How COVID-19 Has Affected Health & Wellness: “Home Wellness” Is Trending
McGroarty surmises that so-called “home wellness,” or the pursuit of curating a healthy and relaxing home, will continue to trend post-pandemic. “We spent all of our time at home during the last four months, and people are now bringing functional wellness into their spaces,” she notes. In addition to curating comfortable and anxiety-reducing sanctuaries, people are focusing on the “purity” of the home. “Homes can be a very powerful weapon in fighting contagions,” she explains. “As such, we’re seeing a rise in air purification systems, UV treatments, and antibacterial and antiviral surfaces.” Brands are even coming out with UV disinfectant boxes, wands, and phone sanitizers to kill viruses and bacteria.
How COVID-19 Has Health & Wellness: Mental Health Is More Important Than Ever
Unsurprisingly, COVID-19 has exacerbated our already staggering anxiety, depression, and burnout crisis. “Mental health experts say we’re going to experience new issues, like agoraphobia and PTSD,” says McGroarty. On the bright side, “people have developed a more holistic view of well-being that goes beyond just fitness,” adds Zauner. “We’re all grasping for some kind of stress management practice to help cope with the difficult times, which is what apps like Headspace, Talkspace, and BetterHelp were designed for.” According to a report from Sensor Tower, mental health and wellness apps generated two million more downloads in April 2020 than January 2020.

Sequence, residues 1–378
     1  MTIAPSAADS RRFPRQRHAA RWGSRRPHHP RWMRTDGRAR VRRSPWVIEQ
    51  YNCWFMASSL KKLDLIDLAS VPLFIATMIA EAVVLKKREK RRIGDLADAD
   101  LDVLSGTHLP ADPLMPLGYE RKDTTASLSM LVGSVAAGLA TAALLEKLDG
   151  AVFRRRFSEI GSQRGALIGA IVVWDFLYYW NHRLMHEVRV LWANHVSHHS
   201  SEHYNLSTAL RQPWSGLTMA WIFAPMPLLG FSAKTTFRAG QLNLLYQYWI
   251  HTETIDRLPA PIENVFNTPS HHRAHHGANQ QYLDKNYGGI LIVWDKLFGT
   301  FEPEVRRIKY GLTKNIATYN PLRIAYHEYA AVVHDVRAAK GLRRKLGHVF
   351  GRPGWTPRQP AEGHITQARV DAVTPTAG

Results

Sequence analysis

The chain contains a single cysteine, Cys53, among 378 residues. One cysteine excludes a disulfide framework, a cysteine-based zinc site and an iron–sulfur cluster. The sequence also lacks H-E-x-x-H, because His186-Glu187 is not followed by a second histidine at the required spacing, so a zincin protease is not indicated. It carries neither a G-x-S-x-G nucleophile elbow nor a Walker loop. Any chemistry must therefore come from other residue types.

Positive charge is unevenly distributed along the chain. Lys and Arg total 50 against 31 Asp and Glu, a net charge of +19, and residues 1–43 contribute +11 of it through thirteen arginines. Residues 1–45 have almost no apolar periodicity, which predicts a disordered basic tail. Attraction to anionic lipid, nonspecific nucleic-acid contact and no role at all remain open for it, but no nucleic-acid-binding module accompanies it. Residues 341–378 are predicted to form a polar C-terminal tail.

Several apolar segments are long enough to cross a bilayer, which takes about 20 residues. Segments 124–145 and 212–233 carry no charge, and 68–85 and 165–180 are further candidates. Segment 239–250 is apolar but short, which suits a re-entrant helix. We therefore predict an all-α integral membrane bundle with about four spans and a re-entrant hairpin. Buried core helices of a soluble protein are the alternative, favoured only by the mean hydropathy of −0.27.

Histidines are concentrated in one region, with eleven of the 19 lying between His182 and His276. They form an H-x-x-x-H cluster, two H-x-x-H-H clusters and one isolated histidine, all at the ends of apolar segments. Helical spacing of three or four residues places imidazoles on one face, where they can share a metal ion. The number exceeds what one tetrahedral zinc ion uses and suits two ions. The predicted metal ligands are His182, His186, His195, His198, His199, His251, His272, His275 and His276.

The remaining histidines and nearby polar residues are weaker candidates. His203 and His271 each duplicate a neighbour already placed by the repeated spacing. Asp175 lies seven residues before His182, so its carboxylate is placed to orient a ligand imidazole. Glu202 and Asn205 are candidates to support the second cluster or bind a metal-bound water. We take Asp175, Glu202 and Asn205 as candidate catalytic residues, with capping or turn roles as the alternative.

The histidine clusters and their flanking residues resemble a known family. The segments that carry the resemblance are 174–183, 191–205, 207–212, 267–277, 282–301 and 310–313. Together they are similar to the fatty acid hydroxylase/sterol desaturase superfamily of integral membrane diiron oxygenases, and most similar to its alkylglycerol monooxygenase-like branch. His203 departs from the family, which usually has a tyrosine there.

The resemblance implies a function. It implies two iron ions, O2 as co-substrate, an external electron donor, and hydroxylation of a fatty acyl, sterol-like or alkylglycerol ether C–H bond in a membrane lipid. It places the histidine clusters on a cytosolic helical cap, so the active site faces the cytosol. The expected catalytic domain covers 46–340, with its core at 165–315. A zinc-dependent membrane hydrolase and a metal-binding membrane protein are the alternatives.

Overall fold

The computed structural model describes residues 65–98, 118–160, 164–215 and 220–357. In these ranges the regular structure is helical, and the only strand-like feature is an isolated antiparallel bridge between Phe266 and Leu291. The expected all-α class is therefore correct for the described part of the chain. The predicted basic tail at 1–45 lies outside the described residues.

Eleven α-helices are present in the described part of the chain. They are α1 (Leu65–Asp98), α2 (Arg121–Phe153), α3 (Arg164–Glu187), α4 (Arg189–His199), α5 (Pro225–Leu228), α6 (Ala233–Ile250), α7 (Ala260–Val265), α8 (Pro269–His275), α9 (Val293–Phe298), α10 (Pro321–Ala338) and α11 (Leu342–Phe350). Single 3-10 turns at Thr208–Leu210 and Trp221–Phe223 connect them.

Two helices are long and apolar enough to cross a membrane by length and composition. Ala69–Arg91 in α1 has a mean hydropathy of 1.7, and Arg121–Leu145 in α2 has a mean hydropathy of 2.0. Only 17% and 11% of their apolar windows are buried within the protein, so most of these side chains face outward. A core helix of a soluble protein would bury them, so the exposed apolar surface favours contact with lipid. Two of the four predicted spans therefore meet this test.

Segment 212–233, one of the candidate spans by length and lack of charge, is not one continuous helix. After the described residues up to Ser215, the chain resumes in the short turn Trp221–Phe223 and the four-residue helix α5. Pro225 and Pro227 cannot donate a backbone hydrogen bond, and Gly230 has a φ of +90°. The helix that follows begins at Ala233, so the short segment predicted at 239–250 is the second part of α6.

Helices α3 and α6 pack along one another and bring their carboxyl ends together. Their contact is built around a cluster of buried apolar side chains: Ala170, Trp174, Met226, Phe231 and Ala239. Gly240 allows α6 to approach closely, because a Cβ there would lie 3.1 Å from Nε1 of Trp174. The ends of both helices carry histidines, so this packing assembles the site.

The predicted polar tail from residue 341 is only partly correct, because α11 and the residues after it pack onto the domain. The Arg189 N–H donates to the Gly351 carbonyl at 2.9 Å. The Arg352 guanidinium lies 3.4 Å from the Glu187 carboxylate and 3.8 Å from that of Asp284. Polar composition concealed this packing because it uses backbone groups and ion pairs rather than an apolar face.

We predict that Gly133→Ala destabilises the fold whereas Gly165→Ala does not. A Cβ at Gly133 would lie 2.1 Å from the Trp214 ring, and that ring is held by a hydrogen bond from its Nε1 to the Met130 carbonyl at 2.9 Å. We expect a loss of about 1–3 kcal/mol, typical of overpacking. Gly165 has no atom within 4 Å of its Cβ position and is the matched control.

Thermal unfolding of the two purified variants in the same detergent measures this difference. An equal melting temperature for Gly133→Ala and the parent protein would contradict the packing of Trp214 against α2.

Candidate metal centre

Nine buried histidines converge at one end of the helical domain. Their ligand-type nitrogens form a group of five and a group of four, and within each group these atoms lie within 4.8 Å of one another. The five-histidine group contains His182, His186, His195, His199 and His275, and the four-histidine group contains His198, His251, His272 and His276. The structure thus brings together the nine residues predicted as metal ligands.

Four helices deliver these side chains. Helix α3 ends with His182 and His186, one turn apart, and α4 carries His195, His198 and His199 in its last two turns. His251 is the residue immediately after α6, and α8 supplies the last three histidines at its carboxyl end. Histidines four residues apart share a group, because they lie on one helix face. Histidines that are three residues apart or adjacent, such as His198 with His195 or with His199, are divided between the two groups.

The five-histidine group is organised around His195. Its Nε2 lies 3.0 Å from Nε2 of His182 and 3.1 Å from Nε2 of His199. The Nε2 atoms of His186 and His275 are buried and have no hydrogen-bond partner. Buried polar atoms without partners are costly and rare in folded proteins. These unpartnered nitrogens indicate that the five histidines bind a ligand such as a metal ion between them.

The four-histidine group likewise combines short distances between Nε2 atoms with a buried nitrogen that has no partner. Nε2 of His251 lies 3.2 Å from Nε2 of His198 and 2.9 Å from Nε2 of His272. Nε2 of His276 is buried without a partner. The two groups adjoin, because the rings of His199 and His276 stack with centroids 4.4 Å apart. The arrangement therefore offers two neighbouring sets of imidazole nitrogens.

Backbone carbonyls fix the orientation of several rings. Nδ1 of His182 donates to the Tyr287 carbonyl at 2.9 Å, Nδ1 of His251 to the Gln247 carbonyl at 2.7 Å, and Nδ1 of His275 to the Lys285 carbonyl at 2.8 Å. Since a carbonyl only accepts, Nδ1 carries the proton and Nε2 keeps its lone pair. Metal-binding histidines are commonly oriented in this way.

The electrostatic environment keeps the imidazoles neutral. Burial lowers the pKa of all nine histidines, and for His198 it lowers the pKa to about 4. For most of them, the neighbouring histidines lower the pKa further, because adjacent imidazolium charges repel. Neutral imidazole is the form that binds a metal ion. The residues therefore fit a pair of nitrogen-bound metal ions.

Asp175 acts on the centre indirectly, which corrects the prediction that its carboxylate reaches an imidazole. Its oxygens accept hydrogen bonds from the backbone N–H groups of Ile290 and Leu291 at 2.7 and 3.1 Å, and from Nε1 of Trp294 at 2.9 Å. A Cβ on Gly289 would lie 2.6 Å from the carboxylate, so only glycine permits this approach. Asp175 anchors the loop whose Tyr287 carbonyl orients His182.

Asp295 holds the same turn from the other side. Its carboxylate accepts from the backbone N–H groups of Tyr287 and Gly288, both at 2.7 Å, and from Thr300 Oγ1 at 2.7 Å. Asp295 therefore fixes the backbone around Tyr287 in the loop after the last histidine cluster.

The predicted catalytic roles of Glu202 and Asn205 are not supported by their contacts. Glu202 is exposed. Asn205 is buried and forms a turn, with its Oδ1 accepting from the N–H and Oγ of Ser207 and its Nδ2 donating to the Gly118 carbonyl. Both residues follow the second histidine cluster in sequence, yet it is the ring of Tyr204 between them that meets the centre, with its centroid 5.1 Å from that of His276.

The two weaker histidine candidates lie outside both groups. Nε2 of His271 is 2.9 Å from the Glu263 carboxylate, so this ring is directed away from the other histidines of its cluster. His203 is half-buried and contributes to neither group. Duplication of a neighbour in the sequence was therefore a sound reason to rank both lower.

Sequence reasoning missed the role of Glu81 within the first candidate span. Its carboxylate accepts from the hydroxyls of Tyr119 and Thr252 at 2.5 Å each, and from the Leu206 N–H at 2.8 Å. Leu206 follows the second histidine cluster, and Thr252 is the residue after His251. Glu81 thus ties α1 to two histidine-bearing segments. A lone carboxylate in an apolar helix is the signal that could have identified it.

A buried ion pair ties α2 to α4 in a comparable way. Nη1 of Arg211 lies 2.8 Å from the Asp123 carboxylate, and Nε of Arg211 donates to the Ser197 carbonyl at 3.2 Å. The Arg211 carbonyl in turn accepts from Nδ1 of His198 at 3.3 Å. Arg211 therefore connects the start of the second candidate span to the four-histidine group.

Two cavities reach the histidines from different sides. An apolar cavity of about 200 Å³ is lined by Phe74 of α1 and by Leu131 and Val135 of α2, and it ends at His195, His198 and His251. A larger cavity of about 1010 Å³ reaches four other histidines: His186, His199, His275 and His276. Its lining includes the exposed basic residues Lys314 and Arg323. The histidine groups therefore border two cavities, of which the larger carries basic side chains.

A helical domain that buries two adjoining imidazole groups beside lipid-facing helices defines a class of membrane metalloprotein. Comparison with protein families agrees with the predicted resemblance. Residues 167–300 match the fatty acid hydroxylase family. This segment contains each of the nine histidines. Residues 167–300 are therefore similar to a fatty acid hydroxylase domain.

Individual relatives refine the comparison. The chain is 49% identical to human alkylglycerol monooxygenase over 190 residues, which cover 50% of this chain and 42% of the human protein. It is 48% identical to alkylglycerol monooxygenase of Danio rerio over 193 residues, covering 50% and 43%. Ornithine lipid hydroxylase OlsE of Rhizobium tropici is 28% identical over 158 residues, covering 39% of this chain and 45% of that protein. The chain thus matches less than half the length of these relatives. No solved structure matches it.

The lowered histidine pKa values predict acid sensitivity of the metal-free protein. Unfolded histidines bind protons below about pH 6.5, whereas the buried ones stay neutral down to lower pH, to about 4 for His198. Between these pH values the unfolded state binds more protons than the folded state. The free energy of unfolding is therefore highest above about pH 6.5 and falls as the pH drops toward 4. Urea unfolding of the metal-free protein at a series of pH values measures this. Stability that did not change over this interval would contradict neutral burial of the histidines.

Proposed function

In the future, McGroarty expects interesting developments in the medicinal psychedelics field. “We’re seeing a lot of medical research about the mental health benefits of psilocybin,” she explains. “Companies like Mind Medicine are raising millions of dollars in funding.”